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"And Jesus, full of the Holy Spirit, returned from the Jordan and was led by the Spirit for forty days in the wilderness, tempted by the devil. And He ate nothing in those days; and when they were ended He was hungry. The devil said to him, 'If you are the Son of God, command this stone to become bread.' And Jesus answered him, 'It is written, "Man shall not live by bread alone."' And the devil took Him up, and showed Him all the kingdoms of the world in a moment of time, and said to Him, 'To you I will give all this power and authority; for it has been delivered to me, and I give it to whom I will. If you, then, will worship me, it shall all be yours.' And Jesus answered him, 'It is written, "You shall worship the Lord your God, and Him only shall you serve."' And he took Him to Jerusalem, and set Him on the pinnacle of the temple, and said to Him, 'If you are the Son of God, throw yourself down from here; for it is written, "He will give His angels charge of you, to guard you," and "On their hands they will bear you up, lest you strike your foot against a stone."' And Jesus answered him, 'It is said, "You shall not tempt the Lord your God."' And when the devil had ended every temptation, he departed from Him until an opportune time."
- Luke 4:1-13

It was Girl Scout Cookie delivery time, and as a 4th grade Sunday School teacher, you can well imagine that several of my current and former students had each hit me up to buy a couple of boxes - which I was glad to do, of course. I always shared some of the cookies with my class on that Sunday, but this time I also used the cookies as part of my lesson.

I began by passing out a cookie to each of my students. Having done so, I said, "As you know, we usually have treats later in the hour, after the serious learning, while we're doing activities. But since I've already passed some out, I guess I don't have to insist on following that usual rule right now. I won't be mad if you eat your cookies, but it's up to you."

Needless to say, they each ate some or all of their cookie. I gave them each another, then said, "OK, now we really need to get down to the lesson. So from here on, if anyone eats any of their cookie until we get to activity time, you won't get any more while we're doing the activities." This time, the cookies laid on the napkins untouched.

The point I was making, which was brought out in the ensuing discussion of the Bible story, is that we often base our decisions about whether or not to yield to a temptation on benefits vs cost. In the situation with the cookies, the kids didn't hesitate to eat the first one, even though they knew it was a violation of the usual rules. The reason was because the benefit - eating a delicious cookie - came without cost, because I had suspended enforcement of the rule. When the cost of breaking the rule suddenly went way up, however, they all found the strength to resist the temptation to indulge themselves immediately. The increased cost of yielding - and their awareness of it - was what made the difference.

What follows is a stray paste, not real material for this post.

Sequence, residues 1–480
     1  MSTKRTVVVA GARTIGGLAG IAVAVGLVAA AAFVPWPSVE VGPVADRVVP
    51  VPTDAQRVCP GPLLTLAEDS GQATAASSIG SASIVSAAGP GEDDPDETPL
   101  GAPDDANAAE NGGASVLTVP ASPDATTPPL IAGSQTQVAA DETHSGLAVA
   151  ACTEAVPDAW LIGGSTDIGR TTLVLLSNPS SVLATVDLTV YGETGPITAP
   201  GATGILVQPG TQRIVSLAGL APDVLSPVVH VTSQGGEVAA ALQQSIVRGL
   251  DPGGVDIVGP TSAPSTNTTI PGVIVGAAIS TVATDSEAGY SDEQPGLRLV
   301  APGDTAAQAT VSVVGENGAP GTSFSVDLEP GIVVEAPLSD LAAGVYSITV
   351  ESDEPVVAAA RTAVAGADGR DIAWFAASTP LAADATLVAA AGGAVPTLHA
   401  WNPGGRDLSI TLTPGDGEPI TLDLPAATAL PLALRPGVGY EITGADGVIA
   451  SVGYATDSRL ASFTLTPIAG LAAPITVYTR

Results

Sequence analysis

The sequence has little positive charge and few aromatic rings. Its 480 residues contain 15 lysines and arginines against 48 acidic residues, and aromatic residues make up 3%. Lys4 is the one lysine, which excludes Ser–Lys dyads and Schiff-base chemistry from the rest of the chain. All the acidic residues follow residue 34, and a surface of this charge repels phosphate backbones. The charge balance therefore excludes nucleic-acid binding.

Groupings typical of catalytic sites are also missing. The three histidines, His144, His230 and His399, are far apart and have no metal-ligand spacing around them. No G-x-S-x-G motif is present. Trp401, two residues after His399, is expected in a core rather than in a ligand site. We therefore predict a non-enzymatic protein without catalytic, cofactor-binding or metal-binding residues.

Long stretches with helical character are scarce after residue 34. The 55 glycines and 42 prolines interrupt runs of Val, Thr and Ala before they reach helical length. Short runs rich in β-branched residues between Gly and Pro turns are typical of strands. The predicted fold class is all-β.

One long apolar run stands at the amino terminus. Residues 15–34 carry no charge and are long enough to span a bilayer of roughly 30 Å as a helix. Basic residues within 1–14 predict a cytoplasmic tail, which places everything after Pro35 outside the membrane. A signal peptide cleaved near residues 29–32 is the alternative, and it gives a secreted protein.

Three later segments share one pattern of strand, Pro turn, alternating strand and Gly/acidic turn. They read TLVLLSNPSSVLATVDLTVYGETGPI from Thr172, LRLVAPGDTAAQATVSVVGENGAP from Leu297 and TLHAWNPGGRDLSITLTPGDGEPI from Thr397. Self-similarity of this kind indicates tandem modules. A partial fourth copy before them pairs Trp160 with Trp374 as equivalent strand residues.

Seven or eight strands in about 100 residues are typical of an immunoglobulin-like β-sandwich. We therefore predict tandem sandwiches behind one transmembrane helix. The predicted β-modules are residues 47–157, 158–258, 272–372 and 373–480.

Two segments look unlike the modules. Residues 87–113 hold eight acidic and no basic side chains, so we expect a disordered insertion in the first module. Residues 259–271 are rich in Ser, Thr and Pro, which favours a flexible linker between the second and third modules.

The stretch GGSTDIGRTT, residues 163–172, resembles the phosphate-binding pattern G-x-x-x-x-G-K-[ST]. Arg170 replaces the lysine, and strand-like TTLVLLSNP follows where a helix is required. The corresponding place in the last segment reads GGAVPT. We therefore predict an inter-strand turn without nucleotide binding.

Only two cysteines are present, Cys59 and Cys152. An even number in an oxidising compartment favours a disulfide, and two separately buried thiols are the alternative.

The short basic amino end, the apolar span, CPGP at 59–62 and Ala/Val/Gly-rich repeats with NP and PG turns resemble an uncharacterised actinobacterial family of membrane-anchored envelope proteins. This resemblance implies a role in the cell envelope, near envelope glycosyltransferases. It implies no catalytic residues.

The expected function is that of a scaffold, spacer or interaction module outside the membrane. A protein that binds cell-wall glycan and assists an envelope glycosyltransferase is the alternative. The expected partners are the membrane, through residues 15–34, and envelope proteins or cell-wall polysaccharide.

Much has been written by many analyzing and speculating about exactly what the temptations were that the devil dangled before Jesus in the wilderness. To me, such analysis misses the larger point: Jesus could not have yielded to any temptation of Satan, regardless of what it was. The cost would simply have been too great. What was the cost? As God the Son come to earth, Jesus knew that His primary reason for assuming human form was to die for the sins of all humankind, so that when any of us put our trust in Him we then receive total forgiveness, and are thus able to live with Him forever when our mortal lives end. In order to be able to pay the price for all human sin, Jesus Himself had to go to the cross completely sinless. One stumble - one single moment of yielding to any temptation - and His ability to pay the price for all sin would have been gone forever. So even though Jesus could have yielded to the temptations of Satan if He had so chosen, there was no way He could ever have actually made such a choice. The cost would have been far too great - because the cost was US. We would all have been lost forever, and Jesus loves us far too much to have ever let that happen.

As with so many things, Jesus gives us a wonderful example in this week's Bible reading: always carefully weigh the cost of yielding to temptation. We need to keep our minds focused on the big picture when Satan and his demons dangle their goodies before our faces. We need to really think about what yielding is going to cost us in the long run, just as Jesus did when He was faced with temptation.

Let's all resolve to do our best, yielding ourselves to the guidance and power of the Holy Spirit for assistance, to follow Jesus' example by consistently saying 'no' to Satan, and 'yes' to God's plans for us.

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